By Shira Hanau
Israel chose not to sign a United Nations statement expressing concern about the welfare of the Uighurs, a Muslim minority group in China that has been forced into “re-education camps,” which some have likened to concentration camps.
While the United States, United Kingdom, Germany and Australia were among the group of 43 countries that signed the statement last week, an Israeli diplomatic official told The Times of Israel that the Israeli government had “other interests that it has to balance” in its relationship with China.
The two nations have grown closer over trade ties in recent years.
The U.N. statement calls on China to “ensure full respect for the rule of law and to comply with its obligations under national and international law with regard to the protection of human rights.”
Israel’s Foreign Ministry told The Times of Israel in a statement: “Israel expresses its concerns about the Uighurs in various diplomatic tracks. One example of this was our signing onto the Canadian statement [on the Uighurs] in June at the Human Rights Council. Our position on the issue has not changed.”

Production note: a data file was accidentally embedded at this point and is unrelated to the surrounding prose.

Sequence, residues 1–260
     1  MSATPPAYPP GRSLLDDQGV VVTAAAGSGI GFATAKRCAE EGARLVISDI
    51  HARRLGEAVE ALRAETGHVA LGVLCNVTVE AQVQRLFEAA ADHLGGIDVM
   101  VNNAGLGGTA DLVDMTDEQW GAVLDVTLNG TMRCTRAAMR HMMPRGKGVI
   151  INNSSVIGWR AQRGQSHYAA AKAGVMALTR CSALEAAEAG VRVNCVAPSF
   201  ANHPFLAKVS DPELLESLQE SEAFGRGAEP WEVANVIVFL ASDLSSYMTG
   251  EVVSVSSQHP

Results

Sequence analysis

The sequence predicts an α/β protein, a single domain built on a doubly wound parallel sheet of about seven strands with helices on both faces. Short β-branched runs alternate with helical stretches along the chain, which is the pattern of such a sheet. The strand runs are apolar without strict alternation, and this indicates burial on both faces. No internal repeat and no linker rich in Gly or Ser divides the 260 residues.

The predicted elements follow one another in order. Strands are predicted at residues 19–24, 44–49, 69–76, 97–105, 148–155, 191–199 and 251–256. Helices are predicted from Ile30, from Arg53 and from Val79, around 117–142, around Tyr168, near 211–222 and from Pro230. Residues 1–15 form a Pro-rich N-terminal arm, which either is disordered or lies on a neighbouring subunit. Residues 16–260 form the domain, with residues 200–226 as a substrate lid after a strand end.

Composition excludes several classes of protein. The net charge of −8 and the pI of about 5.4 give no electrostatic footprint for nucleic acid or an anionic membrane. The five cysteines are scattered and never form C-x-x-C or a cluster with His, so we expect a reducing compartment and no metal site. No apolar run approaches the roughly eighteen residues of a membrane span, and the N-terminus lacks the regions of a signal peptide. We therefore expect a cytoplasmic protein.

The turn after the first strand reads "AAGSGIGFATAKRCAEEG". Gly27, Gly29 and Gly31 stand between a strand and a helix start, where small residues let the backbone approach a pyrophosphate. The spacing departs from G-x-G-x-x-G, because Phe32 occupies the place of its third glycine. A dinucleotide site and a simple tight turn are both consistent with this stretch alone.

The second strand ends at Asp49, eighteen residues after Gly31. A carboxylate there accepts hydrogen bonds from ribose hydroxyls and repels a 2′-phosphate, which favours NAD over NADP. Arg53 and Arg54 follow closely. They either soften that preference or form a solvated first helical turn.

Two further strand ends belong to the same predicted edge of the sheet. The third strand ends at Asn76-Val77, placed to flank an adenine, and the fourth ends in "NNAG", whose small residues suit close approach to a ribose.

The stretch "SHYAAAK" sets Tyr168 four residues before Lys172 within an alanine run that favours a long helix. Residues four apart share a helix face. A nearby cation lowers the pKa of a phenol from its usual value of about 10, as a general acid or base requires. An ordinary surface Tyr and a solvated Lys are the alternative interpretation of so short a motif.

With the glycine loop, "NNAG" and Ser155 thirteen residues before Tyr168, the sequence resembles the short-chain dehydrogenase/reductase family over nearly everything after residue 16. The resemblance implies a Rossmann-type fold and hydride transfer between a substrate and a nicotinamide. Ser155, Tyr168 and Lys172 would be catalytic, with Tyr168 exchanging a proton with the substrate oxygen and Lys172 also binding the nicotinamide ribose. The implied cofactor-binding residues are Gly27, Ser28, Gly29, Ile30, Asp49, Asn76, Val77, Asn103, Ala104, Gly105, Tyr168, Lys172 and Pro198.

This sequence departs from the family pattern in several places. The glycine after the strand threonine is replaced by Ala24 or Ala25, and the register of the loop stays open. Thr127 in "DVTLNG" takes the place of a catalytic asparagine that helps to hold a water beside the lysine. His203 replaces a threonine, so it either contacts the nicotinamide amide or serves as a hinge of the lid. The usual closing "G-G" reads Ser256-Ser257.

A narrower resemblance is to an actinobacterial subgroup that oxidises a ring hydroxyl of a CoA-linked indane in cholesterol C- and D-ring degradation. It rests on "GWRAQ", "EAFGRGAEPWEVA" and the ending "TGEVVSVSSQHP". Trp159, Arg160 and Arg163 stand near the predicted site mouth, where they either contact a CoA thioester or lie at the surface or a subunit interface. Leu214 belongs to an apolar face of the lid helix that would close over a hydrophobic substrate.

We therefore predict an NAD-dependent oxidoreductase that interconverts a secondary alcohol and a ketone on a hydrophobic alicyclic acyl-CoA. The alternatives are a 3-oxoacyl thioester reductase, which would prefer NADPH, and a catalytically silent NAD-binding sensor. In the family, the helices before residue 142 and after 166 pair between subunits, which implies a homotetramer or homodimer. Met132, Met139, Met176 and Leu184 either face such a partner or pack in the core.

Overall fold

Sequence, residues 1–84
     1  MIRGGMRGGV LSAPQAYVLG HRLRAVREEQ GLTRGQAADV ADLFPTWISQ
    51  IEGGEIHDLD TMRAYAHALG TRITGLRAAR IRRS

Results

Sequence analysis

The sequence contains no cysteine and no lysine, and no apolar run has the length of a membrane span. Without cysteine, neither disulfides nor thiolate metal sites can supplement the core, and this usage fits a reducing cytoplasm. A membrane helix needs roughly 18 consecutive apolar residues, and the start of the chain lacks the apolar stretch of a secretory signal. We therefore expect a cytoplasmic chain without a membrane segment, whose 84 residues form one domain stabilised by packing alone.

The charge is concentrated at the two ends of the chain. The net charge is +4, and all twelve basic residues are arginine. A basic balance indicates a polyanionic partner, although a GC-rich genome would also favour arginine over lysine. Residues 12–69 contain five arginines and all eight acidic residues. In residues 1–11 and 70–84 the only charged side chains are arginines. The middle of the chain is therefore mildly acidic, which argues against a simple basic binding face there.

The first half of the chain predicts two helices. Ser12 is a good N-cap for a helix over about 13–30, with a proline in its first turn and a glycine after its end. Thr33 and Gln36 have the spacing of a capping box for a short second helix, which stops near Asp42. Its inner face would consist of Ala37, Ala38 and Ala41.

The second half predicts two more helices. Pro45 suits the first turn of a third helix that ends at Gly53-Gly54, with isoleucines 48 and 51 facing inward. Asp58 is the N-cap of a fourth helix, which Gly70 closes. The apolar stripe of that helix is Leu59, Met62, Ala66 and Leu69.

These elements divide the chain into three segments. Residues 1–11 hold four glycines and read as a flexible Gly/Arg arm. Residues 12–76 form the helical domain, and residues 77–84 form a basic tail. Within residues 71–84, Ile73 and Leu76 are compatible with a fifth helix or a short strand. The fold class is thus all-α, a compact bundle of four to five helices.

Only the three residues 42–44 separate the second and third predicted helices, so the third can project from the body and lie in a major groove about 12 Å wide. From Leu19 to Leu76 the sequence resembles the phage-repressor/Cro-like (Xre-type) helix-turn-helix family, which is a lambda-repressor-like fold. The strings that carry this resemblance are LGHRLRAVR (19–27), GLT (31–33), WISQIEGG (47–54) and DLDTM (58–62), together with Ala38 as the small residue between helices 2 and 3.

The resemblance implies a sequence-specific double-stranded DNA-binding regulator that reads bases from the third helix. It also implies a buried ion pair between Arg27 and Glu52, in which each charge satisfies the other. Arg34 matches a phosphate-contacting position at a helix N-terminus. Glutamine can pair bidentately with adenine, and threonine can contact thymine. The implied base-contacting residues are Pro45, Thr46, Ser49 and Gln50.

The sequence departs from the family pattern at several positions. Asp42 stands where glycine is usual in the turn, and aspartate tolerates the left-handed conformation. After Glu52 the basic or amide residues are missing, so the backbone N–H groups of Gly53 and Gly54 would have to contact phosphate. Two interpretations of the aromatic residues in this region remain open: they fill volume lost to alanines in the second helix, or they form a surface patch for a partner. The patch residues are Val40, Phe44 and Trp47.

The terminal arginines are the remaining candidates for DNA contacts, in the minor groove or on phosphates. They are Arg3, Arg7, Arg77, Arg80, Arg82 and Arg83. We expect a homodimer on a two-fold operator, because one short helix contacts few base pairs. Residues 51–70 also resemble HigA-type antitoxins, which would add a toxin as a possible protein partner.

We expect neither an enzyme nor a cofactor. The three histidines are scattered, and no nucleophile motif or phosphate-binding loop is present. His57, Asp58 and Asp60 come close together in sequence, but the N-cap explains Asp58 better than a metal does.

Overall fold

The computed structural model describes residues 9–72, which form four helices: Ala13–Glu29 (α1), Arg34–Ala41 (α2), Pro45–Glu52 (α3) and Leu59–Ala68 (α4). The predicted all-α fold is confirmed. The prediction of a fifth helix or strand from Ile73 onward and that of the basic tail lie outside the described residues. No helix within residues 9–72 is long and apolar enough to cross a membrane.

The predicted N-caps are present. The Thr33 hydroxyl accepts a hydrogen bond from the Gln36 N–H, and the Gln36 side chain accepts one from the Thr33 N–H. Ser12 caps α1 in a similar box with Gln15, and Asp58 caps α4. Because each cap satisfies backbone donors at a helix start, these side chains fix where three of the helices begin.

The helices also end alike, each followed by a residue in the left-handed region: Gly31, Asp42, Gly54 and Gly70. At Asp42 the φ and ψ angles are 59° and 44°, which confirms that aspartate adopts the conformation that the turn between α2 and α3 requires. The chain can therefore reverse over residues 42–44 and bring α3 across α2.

Concern over China’s treatment of the Uighur minority — and comparisons of its “re-education camps” to concentration camps during the Holocaust — have been growing within the global Jewish community for years. Activists in the United States have tried to mobilize the Jewish community behind the Uighurs’ cause as in the case of the genocide in Darfur in the early 2000s, while British Jews have led the fight against the abuses of the Uighurs in the United Kingdom.